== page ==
The popular cold remedy Vicks VapoRub may cause airway inflammation that can restrict breathing in infants and toddlers, a new study says.
The study, published in the January 2009 issue of the journal Chest, conducted tests on ferrets (who apparently have breathing organs very similar to humans), and found that Vicks VapoRub increased mucus production by up to 59 percent, and the ability to clear mucus was reduced by 36 percent.
The lead author, Dr Rubin explained in a statement to the Washington Post, that Vicks VapoRub can make some adults feel better without really making them better. "For kids, because it can induce some inflammation, even a little bit, that little bit might be enough to tip over a child to having problems," he said.
Here are some details from the abstract of the study:
"Vicks VapoRub (VVR) [Proctor and Gamble; Cincinnati, OH] is often used to relieve symptoms of chest congestion. We cared for a toddler in whom severe respiratory distress developed after VVR was applied directly under her nose. We hypothesized that VVR induced inflammation and adversely affected mucociliary function, and tested this hypothesis in an animal model of airway inflammation."
"Vicks VapoRub (VVR) stimulates mucin secretion and MCTV (tracheal mucociliary transport velocity) in the lipopolysaccharide-inflamed ferret airway. This set of findings is similar to the acute inflammatory stimulation observed with exposure to irritants, and may lead to mucus obstruction of small airways and increased nasal resistance."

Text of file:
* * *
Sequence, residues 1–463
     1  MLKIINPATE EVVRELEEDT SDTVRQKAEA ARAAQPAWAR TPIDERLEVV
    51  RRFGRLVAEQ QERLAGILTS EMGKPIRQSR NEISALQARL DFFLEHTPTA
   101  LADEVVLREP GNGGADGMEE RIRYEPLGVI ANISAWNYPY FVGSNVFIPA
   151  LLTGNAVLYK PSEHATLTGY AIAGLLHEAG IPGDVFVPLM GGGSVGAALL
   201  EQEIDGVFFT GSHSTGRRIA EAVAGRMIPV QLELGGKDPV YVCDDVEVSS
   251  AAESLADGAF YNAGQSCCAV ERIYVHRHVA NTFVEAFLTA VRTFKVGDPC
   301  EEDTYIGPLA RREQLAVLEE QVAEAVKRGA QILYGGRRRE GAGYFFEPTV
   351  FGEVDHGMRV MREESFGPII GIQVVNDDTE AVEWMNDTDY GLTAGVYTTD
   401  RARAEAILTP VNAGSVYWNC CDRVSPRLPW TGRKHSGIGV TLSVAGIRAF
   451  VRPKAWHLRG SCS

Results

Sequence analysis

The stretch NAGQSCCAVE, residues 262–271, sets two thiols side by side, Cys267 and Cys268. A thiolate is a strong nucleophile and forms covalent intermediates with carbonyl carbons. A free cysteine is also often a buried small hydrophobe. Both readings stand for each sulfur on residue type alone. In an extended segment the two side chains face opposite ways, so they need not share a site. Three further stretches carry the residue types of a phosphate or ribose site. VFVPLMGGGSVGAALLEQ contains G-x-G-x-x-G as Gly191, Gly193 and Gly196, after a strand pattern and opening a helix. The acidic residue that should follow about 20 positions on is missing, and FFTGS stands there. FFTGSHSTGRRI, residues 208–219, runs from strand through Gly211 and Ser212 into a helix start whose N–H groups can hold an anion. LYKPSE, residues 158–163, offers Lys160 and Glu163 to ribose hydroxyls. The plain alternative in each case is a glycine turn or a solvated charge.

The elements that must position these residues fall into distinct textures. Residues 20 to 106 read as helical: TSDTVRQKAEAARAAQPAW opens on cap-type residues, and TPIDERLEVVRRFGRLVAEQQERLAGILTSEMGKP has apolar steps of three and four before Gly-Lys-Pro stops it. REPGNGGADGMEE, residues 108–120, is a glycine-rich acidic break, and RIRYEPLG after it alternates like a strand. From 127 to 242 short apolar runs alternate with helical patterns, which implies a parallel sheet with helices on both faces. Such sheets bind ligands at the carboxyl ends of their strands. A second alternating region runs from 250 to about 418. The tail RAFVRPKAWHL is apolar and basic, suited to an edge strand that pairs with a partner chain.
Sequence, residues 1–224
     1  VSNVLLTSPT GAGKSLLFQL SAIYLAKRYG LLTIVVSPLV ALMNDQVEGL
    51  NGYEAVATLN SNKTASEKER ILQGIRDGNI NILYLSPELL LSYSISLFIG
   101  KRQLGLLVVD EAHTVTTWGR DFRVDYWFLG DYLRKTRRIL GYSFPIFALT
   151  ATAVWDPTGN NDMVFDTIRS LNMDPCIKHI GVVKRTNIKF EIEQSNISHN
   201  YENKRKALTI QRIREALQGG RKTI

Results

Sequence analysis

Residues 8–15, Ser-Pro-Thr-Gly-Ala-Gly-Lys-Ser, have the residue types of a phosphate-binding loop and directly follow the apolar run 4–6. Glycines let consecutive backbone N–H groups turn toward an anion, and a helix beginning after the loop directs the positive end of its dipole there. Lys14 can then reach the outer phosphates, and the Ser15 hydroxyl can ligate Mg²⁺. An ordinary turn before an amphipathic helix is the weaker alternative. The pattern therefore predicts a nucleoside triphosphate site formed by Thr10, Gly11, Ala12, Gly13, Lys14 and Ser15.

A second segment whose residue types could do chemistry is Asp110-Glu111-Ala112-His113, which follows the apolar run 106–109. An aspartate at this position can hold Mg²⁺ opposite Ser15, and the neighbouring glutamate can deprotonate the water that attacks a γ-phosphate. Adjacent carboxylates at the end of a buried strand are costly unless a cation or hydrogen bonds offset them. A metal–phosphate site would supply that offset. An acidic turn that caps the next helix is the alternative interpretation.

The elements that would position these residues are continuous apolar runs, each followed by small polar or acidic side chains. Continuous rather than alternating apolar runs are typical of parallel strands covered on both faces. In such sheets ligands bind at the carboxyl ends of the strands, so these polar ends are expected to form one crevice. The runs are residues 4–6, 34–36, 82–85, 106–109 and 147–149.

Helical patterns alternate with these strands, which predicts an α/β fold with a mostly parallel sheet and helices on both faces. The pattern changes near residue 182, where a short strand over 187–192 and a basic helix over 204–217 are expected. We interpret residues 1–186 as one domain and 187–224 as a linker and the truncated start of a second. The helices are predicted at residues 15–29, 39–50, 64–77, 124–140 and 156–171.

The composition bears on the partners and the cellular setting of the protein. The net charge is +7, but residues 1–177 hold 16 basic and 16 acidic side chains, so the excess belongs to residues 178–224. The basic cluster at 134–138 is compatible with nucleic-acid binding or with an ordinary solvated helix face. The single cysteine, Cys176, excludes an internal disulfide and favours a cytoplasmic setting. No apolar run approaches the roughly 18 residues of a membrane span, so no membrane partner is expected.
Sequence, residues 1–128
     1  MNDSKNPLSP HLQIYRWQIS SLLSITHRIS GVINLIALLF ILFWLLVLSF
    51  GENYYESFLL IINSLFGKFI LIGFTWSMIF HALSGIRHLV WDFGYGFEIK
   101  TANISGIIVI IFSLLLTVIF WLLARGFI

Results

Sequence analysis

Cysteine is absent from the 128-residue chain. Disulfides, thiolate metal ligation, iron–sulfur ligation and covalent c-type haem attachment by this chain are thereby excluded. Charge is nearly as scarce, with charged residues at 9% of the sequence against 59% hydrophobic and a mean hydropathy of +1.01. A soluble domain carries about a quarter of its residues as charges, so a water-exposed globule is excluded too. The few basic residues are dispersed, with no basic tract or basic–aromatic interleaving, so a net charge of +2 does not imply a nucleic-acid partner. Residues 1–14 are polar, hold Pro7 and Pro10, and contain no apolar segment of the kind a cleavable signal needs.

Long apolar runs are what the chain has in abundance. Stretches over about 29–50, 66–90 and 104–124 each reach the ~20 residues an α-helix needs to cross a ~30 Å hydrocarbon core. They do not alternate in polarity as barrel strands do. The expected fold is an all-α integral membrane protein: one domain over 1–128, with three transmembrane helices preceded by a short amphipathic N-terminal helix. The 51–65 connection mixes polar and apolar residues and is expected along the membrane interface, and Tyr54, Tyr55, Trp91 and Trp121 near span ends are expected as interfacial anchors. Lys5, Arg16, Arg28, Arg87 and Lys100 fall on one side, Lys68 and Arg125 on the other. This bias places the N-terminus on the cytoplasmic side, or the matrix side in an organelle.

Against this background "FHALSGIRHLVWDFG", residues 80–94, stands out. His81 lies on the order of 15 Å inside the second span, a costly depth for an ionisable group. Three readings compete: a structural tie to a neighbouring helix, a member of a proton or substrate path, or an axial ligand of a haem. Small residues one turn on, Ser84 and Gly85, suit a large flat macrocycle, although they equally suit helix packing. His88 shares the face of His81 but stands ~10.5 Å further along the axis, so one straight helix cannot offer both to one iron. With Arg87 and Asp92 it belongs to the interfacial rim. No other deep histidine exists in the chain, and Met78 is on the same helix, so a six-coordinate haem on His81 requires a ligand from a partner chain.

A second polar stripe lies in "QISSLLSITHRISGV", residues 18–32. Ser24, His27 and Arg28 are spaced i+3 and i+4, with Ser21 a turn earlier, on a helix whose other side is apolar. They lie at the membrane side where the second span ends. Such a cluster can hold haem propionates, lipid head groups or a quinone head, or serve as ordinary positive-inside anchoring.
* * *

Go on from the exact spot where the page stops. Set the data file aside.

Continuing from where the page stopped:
Abanses J C, Arima S, Rubin B K. Vicks VapoRub Induces Mucin Secretion, Decreases Ciliary Beat Frequency, and Increases Tracheal Mucus Transport in the Ferret Trachea. Chest January 2009 vol. 135 no. 1 143-148
Vicks VapoRub is readily available over the counter to relive symptoms of cold and flu, but there is currently no research that suggests this salve has any respiratory health benefits. In fact, this study shows that in children, that it may worsen the very condition it is thought to help alleviate (relief of congestion and cough to provide free breathing).
The company does make it clear that Vicks VapoRub should not be applied in the nose, and never used on children under 2, and advises against prolonged and intense use of it for children and adults.
Note: Vicks Vaporub (looking at the bottle right now) contains nutmeg oil (nutmeg is haraam). It also contains turpentine oil at a 5% w/w ratio. The manufacturer's recommendation is to put it into hot water and inhale the vapours, or to rub on the body and inhale the vapours.
MInt oil is a good alternative. You can also get mint oil mixed with eucalyptus oil in some natural and health food shops.